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Predictive scheduling could be headed to construction

Predictive scheduling could be headed to construction

— So you’re trying to schedule a construction project. How effectively and efficiently do you think you could schedule the work if you had to abide by these rules?

  • You have to provide all employees with the work schedule 14 days in advance;
  • If you need to change that work schedule, you have to provide “timely notice” to affected employees;
  • The employee has the right to decline to work the changed schedule.
  • You have to compensate employees for any change in start or end time to the original schedule, or for a cancelled shift.

Or, let’s say the job requires additional hours beyond what was provided in that original work schedule you provided employees. In that case you have to offer the additional hours to all existing employees. If none of them are interested in the additional hours, you can then hire new people or subcontractors, BUT ONLY IF you have written confirmation from ALL existing employees that they don’t want to work the additional hours.

As crazy as that may sound, that is exactly what will happen for anyone working in Bellingham if city voters pass the “Worker’s Rights: Fair Treatment of Hourly-Wage Employees and Gig Workers” initiative that will be on the city ballot this November.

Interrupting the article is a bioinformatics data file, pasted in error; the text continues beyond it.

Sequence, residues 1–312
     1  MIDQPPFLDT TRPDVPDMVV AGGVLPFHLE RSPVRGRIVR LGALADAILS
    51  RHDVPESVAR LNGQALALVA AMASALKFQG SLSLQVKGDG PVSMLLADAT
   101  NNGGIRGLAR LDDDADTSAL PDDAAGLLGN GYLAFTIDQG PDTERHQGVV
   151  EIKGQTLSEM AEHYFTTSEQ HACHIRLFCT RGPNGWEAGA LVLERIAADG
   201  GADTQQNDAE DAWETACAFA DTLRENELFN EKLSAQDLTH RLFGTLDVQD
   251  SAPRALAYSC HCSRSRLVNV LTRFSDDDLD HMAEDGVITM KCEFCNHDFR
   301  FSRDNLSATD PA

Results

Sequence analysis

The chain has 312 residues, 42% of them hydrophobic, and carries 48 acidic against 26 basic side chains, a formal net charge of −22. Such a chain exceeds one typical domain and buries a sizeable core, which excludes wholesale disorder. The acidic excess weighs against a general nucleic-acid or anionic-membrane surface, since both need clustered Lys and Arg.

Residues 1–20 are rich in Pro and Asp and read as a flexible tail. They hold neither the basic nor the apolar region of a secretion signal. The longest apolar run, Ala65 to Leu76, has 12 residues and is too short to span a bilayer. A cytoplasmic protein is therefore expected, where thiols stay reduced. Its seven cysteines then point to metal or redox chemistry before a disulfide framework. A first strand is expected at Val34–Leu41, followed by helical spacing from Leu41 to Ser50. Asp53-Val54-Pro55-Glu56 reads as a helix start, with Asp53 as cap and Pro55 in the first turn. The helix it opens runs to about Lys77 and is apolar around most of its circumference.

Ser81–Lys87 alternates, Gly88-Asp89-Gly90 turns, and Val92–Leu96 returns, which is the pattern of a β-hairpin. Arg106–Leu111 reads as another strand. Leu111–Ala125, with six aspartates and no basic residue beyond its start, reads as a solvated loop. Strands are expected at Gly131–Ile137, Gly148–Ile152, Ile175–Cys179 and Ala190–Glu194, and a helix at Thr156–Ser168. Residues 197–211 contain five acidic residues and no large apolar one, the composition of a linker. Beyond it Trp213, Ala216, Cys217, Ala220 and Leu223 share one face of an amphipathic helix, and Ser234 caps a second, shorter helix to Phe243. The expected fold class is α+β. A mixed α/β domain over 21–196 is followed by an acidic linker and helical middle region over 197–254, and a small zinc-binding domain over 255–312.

There’s much more to this initiative, including hazard pay. Read the full initiative here.

AGC’s Northern District’s Local Government Affairs has taken a strong stand against this initiative.  The concern for all AGC members is that, should this initiative pass in Bellingham, it will help spread this bad idea statewide.

That’s only one initiative on the Bellingham ballot this fall that impacts construction. Another is the “Protect the Right to Organize” initiative. Read the full initiative here; below is a summary:

This measure would prohibit any person who receives City funds from using those funds to discourage unionization efforts by that person’s employees or any other employees, require recipients of City funds to segregate those funds, provide a safe harbor for non-managerial staff to engage in union protected activities, provide for administrative investigations of complaints, establish private enforcement actions, change the City’s contracting process, and allow the City to terminate contracts for violations of the prohibition.

AGC’s Northern District Local Government Affairs Committee is strongly opposed to this measure as well, and we’ll take a deeper dive into this one in the next newsletter.

For more information about these initiatives, contact AGC Northern District Manager Lance Calloway.

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